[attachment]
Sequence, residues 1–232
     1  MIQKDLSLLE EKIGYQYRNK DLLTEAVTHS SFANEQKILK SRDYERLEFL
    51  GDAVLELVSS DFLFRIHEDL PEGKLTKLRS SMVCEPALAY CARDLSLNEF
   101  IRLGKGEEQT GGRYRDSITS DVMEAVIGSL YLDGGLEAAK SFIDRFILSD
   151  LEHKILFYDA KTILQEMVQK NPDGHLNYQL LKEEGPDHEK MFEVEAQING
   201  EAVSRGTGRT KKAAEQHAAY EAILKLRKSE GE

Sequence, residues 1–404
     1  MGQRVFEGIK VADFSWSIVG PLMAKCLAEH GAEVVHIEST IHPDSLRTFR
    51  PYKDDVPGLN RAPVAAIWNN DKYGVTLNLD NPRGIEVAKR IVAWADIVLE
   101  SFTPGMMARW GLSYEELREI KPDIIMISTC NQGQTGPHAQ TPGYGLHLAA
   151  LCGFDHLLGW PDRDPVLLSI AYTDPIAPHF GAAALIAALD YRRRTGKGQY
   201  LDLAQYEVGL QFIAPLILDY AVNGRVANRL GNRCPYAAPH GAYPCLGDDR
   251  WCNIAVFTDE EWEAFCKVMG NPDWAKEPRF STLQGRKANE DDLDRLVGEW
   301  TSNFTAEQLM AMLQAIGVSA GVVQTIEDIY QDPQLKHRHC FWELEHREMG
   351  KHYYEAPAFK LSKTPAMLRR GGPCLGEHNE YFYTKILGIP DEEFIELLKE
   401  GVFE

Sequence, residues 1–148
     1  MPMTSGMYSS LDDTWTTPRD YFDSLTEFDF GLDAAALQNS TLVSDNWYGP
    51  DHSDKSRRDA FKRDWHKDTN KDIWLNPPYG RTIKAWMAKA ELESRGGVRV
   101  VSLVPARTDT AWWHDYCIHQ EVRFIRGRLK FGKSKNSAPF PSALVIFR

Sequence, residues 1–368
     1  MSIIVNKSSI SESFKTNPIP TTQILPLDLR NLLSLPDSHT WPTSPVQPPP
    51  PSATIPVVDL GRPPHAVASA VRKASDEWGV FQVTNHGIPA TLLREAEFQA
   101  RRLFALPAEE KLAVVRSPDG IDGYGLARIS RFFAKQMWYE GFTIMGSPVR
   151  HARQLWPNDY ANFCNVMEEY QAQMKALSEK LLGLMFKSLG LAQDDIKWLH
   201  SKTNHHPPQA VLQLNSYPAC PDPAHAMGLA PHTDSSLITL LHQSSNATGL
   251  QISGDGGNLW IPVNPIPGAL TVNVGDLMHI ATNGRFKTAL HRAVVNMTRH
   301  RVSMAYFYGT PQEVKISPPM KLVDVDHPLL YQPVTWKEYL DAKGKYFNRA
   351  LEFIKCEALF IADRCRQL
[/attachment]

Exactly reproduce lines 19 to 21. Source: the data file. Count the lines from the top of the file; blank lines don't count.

    51  DHSDKSRRDA FKRDWHKDTN KDIWLNPPYG RTIKAWMAKA ELESRGGVRV
   101  VSLVPARTDT AWWHDYCIHQ EVRFIRGRLK FGKSKNSAPF PSALVIFR

Sequence, residues 1–368